However this may be, I have been led to the following practical inductions. If the blood is black during venesection we may allow it to flow, or repeat its abstraction if the symptoms indicate this; while, if it is red, we must absolutely abstain from doing so, or we shall only aggravate the symptoms for which we employ it, and increase the fever. Thus, in pneumonia the hreathing becomes more laborious, and the oppression greater, as if the pulmonary congestion increased as we diminished the general resistance by the loss of blood. So in hæmoptysis the blood in the expectorations becomes redder and more abundant ; and in metrorrhagia the flow is increased. In typhoid fever bleeding is of use when the blood is black, and constantly hurtful when it is red. The remark should not be lost sight of by those who practise bleeding coup sur coup: In all these cases the pulse is accelerated in proportion as the blood flows and the individual becomes enfeebled, the artery seeming fuller and harder, so that the most experienced may become embarrassed. In threatened miscarriage, wherein bleeding is often so necessary, if we practice it when the blood is red we inevitably induce abortion. I therefore always recommend those pupils who bleed for me to be guided in the quantity they draw by the colour of the Ruid, and they have often been in a condition to prove the correctness of the rule. It has hap, pened to me sometimes to close a vein immediately after having opened it, and to suddenly stop the flow upon this simple indication, and in all these cases I have never had cause to regret it.

When a patient is about to enter upon convalescence, the pulse often becomes full and frequent, the cheeks are flushed, the eyes sbining, and the skin hotter-in a word, there is fever; and it is not rare for the practitioner to hesitate whether he should abstract blood or content himself with dieting. I have always been safely guided by the colour of the blood. Black blood coagulates and reddens after it has left the vein; when it remains black on the surface it is diseased; and when it does not coagulate it is dead, as is seen in that flowing from old ulcers, uterine and other cancers. In the bleedings practised on young pregnant women red blood at first flows out and then black'; the former, I believe, coming from the superficial, and the latter from the deeper-seated veins. In the treatment of a disease, then, if on opening the vein the blood is black, let it flow; if it is red, be certain that the disease is vanquished, and the point of tolerance reached. Great thirst also, which almost always follows excessive bleeding, is not a symptom to be overlooked. In organic disease the blood is generally black; but it may not always be prudent to abstract it, while if it is red we shall but increase the gravity of the disease.

Pneumonia of the Aged.

281 Another remark, which I do not remember to have seen, is, that the blood in a diseased part may be different to that in the economy at large. I have seen it flow black from the general circulation, and red from leeches or cupping-glasses, and vice-versa. It is this that revealed to me the importance of bleeding in the treatment of cancer, or in tumours threatening to become cancerous; but that always in relation to the general vital powers; and in such a manner as to prevent general infection by absorption, which bleeding hinders or favours, according to the circuinstances under which it is undertaken.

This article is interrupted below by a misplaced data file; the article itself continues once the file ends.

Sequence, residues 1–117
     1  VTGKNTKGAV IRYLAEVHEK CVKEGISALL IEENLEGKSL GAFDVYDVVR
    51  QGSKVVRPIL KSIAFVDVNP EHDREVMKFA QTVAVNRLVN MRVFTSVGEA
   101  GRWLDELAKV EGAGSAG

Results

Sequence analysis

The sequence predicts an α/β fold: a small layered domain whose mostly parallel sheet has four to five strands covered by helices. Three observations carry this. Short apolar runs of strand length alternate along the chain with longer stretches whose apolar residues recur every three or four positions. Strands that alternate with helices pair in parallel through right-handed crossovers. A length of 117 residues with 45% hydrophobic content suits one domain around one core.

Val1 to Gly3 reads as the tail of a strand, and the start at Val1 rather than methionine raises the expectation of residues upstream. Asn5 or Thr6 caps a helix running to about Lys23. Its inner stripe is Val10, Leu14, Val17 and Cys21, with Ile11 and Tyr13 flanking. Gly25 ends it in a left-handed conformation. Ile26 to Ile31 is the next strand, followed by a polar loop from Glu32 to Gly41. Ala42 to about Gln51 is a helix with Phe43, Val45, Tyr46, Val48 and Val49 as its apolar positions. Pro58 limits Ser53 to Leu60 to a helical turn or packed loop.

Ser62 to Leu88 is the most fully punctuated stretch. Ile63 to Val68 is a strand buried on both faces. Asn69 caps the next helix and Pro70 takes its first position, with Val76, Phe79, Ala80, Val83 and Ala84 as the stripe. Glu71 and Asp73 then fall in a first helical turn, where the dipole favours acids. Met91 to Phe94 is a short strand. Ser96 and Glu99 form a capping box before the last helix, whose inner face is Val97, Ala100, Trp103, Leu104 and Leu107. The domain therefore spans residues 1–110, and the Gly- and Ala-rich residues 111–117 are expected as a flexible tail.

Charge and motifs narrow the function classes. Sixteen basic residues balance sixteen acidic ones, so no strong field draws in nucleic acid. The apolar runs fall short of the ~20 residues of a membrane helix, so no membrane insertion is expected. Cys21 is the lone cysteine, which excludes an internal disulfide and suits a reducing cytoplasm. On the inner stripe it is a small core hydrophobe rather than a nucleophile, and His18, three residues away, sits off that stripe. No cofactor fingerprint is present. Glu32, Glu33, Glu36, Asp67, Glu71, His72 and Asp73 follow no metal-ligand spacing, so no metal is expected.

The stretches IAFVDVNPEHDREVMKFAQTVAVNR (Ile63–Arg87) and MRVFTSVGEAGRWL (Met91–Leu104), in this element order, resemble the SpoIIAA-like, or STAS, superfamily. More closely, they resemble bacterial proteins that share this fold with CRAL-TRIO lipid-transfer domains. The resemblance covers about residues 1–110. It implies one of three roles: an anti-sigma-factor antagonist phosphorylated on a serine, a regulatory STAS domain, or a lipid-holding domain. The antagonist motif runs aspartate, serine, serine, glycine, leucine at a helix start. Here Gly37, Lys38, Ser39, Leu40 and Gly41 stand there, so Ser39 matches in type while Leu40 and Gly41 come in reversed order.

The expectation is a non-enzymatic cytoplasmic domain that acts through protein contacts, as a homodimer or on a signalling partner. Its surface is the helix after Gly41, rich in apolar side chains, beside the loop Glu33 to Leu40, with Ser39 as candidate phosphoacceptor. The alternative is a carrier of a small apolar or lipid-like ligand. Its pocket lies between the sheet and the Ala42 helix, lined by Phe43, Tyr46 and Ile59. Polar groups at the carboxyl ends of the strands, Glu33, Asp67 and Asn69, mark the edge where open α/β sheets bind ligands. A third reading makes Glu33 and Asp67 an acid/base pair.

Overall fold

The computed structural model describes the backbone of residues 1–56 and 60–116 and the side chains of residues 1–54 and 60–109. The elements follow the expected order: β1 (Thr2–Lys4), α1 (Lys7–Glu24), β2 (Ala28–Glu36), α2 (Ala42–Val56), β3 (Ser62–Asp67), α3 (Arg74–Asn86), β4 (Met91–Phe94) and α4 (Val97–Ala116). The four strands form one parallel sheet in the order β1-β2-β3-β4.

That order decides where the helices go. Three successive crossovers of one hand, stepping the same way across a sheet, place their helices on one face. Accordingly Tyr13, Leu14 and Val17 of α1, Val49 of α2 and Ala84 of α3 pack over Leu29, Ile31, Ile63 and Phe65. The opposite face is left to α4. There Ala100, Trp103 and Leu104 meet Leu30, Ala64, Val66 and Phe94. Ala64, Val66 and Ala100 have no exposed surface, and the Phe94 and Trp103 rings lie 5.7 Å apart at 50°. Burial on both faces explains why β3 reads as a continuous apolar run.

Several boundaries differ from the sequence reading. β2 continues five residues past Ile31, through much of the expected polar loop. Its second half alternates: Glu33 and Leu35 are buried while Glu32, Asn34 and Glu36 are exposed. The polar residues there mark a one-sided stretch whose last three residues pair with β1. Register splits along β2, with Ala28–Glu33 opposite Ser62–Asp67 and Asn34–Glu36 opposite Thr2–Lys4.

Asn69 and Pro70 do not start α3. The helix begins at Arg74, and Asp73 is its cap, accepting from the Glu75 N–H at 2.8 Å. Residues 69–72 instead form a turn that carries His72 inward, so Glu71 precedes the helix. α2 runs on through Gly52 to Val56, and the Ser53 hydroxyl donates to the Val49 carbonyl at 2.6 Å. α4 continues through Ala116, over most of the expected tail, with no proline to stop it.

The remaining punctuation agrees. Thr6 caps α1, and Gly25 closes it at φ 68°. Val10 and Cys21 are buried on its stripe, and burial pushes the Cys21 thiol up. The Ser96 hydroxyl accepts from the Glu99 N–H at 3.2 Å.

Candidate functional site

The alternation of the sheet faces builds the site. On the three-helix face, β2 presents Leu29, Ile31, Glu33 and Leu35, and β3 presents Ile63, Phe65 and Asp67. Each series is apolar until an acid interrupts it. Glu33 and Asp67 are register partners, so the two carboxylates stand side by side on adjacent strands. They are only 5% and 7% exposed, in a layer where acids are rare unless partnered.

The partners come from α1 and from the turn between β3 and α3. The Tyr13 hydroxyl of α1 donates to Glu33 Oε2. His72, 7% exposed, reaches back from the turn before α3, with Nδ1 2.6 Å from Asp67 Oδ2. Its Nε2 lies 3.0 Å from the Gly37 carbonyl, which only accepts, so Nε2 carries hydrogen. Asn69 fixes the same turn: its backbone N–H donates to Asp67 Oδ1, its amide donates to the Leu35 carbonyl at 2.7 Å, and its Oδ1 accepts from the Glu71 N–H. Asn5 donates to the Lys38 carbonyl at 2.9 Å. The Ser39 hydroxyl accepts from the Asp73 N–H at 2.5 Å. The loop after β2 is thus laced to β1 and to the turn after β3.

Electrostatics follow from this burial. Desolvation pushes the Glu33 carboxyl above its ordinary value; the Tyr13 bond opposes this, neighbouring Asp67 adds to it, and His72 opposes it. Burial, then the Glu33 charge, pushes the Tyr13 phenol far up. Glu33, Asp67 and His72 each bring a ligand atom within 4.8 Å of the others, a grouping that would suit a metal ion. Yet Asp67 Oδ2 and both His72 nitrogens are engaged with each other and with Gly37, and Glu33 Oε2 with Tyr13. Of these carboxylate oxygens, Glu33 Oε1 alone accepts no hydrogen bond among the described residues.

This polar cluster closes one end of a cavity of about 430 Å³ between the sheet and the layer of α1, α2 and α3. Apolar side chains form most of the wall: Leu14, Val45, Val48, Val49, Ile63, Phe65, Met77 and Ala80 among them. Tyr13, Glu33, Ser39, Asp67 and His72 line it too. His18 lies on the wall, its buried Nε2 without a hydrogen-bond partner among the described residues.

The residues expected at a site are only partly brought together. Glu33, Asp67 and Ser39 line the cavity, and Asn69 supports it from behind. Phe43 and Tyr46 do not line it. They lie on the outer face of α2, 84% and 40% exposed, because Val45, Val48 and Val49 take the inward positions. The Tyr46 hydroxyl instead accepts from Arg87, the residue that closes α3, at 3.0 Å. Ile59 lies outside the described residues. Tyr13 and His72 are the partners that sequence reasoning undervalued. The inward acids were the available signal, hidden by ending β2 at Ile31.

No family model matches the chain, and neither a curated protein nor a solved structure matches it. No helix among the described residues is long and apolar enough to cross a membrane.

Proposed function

M. Tanchou goes on to state, that in the inflammatory and congestive Diseases of the Uterus repeated bleeding may be very useful, as long as it is not carried to excess; and that proofs of its being so are derived from the fact of the resistance of the disease, and the signs of general enfeeblement of the economy. Most of these effects of the too-great loss of blood are familiar to our readers ; but he mentions two which are probably less so, viz. constipation and the condition of the urine. The stools are inodorous, infrequent, and lumpy, intestinal absorption having extracted all that was possible from them. The uripe is high-coloured, but without any deposit, and emits a peculiar penetrating odour when passed, which disappears on cooling. This odour is at once recognized by the experienced observer as the most infallible sign of inanition, frequently appearing before any of the others.—Gazette Medicale, No. 20.

[The author, in detailing his practice still farther, recommends general bleeding in uterine affections to a far greater extent than would be countenanced in this country, and seems to much fear discontinuing it otherwise than gradually. He cautions his readers, however, against the abuse of the lancet, and not without reason, for he says, “We have seen women who have been bled 80, 95, 100 times, or even more, in one or two years !” Shade of Guy Patin arise, and tese tify that thy descendants are no degenerate phlebotomists! We have quoted the paper however on account of M. Tanchou's remarks on the indications derivable from the colour of the blood while flowing, which are new to us, and are so opposed to what is generally accepted, as to require confirmation.—Rev.]


Op ten cases we observed at Salpétrière, seven were well-marked, and three doubtful. The term doubtful pneumonia may surprise some readers accustomed to meet with the well-known signs of the disease. But if we waited for the usual train of symptoms met with in the adult before we commenced treating pneumonia in the aged, we should often begin to act only when art had become powerless. For physicians accustomed to the aged, and who know how frequently in them it is latent, it suffices to observe malaise, fever, accelerated respiration, and a dry tongue, to direct their attention to pneumonia, especially in winter or spring-time. If we find in books that the pneumonia of the aged is more commonly than that of the adult preceded by precursory symptoms, and that it seldom shows itself in old persons suddenly, this is because too frequently the period of the commencement of pneumonia has been dated only from the appearance of stethoscopic signs. The earliest of these, and often the only one throughout the disease, is the feebleness of the respiration, or sometimes its complete absence over a certain extent. This sign, joined to bronchophony, constitutes for the experienced observer a certain indication of the presence of the disease.